Acer D255 Minimum drain

I terms of CrystalMark, I’m seeing results that will make anyone happy. 35K is not a figure we see often in the mobile computing world. The hard disk is impressive to.


My final benchmark was a video rendering test. It looks like I’m going to save 25-30% in terms of time on rendering and that’s well worth the 50-euro premium that a dual-core Atom netbook is costing.

Weekly Netbook Roundup 3/2

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Welcome to this week’s netbook roundup. In this space every Monday I’ll highlight netbook news items that might not need their own individual posts but are still be interesting.

  • Dell Mini 10 dissected — Dell support released a guide for disassembling the Dell Mini 10 [Portal page]. Looks like there are some PCI-e slots which will be good for modding, but RAM is soldered to the mobo which will make it very hard for users to do RAM upgrades.

  • HP Promises a Fix for Mini 1000 Webcam Woes — HP acknowledges that there is an issue with the HP Mini 1000′s webcam and says that there will be a method to fix it. Apparently the film over the webcam has a lower reflectivity than it should.

  • Gigabyte M1022 netbook has a cool dock — Jkk shows us a pretty slick looking dock for the Gigabyte M1022 which has VGA out, USB slots, and some other ports. It’s nice to see a dock for a netbook, but I hope the base is heavy so the netbook isn’t easily knocked over!

  • Dell Mini 10 Netbook Officially Available: $399 — The Dell Mini 10 becomes officially available in the US for $399.

  • How to fix the dark webcam on the HP Mini 1000 — Liliputing links us to a new video (after the one taken down) that will show you how to remove the film over the HP Mini 1000′s camera, improving brightness.

  • First look at the new slim Acer Aspire One — It looks like Acer is planning yet another 10 inch Aspire One, despite the fact that their latest update has just recently been released.

10" Acer Aspire One inches closer to reality

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It seems like we’ve known about the upcoming 10″ netbook from Acer for a while, but things just got a little bit more official. Netbook3G has found details about Acer’s second netbook at the FCC. Among the images are plenty of internal photos, and it seems like the FCC even has the manual hosted. Swing by Liliputing where Brad has pulled a bunch of the photos and put them in one place for your viewing pleasure.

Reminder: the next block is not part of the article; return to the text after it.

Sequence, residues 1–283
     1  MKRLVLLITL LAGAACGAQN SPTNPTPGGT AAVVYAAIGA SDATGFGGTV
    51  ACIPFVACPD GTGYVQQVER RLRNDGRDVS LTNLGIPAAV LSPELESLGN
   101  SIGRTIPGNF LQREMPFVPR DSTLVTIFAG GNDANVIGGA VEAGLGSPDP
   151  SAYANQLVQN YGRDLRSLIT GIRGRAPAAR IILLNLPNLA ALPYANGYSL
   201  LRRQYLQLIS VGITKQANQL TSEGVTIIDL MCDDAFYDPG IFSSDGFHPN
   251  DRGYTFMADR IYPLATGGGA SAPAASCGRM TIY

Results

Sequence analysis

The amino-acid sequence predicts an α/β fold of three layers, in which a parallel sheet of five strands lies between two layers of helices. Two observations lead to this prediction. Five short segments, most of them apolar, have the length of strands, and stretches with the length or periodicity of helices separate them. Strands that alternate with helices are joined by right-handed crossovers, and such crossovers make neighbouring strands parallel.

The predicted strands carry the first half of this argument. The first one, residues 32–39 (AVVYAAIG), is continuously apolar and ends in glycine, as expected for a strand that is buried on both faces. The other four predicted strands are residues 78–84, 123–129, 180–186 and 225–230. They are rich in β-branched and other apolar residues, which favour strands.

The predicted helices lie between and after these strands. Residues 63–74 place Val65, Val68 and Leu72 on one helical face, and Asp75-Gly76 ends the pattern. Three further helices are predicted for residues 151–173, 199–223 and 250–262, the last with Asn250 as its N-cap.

It doesn’t seem like there are many differences between this Aspire One and the original [Portal page] [review], but of course the 10″ screen and some cosmetic changes and the inclusion of Bluetooth. I can’t say I like how the hinge accents have been changed from circles to teardrop shapes. The overall design seems a bit more noisy than the original as well. We’ll have to wait and see how this new 10″ version fares against their original which we thought was a pretty good jump into the netbook market. Acer claims that the first Aspire One is the worlds most popular netbook.

3G Netbook in US subsidy deal.

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Highlighting the huge differences in the state of cellular carrier markets in the US and Europe is possibly the first ever carrier-sponsored netbook deal. We’ve seen this happen with UMPCs before in the U.S. (Sony UX, OQO) and you can’t walk down the high-street in the main European countries without seeing a 1-Euro netbook deal (the ASUS 901Go being a particularly interesting one) but as far as I know, its the first time we’ve seen a popular netbook get the 3G treatment in the U.S. Be careful though. It’s a trend we’ll see a lot more of in the future and both the deals and data contracts are likely to improve in a very short time.

The Acer Aspire One (#2 in the UMPCPortal popularity list) being offered through Radio Shack (160GB HDD, Windows XP) is normally $500 but for a $60 per month data contract (probably the data connect 5GB per month plan) you get $400 off the price which, if you were looking for a data plan anyway, knocks $16 per month off the price. The problem is here that the market is going to change fast. In the last 24 months in Europe data contract prices have come down by about 50% and the pricing war has only just started.

There aren’t many alternatives though. You could look at the the pre-paid ATT GoPhone MEdia Net plan. Its about $5 per week for 1GB but as it’s pre-paid, you only use it when you need it and are not committed to 2-years of contract. You’ll have to get hold of a 3G netbook somehow though or do a mod which makes the process fiddly and time consuming. Alternatively, there’s the tethering or smartphone-as-hotspot option.

If you were thinking of buying an Acer Aspire and then signing up for a $60 per month data contract before you read this, go ahead. It’s a good deal. If not, think carefully about your requirement and, if possible, try and find a 12 month or pre-paid data deal.

Source: Engadget. Via GottabeMobile.